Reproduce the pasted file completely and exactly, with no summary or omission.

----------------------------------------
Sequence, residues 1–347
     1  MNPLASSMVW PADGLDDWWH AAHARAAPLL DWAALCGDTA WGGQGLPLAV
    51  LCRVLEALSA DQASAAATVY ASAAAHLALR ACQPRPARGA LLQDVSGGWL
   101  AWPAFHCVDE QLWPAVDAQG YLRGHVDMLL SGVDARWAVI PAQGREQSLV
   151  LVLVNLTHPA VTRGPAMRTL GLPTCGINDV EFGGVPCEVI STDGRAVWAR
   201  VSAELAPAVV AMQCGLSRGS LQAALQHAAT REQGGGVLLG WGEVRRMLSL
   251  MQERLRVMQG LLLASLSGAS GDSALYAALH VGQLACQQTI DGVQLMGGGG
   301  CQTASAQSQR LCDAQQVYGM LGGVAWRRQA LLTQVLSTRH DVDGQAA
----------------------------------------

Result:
Sequence, residues 1–347
     1  MNPLASSMVW PADGLDDWWH AAHARAAPLL DWAALCGDTA WGGQGLPLAV
    51  LCRVLEALSA DQASAAATVY ASAAAHLALR ACQPRPARGA LLQDVSGGWL
   101  AWPAFHCVDE QLWPAVDAQG YLRGHVDMLL SGVDARWAVI PAQGREQSLV
   151  LVLVNLTHPA VTRGPAMRTL GLPTCGINDV EFGGVPCEVI STDGRAVWAR
   201  VSAELAPAVV AMQCGLSRGS LQAALQHAAT REQGGGVLLG WGEVRRMLSL
   251  MQERLRVMQG LLLASLSGAS GDSALYAALH VGQLACQQTI DGVQLMGGGG
   301  CQTASAQSQR LCDAQQVYGM LGGVAWRRQA LLTQVLSTRH DVDGQAA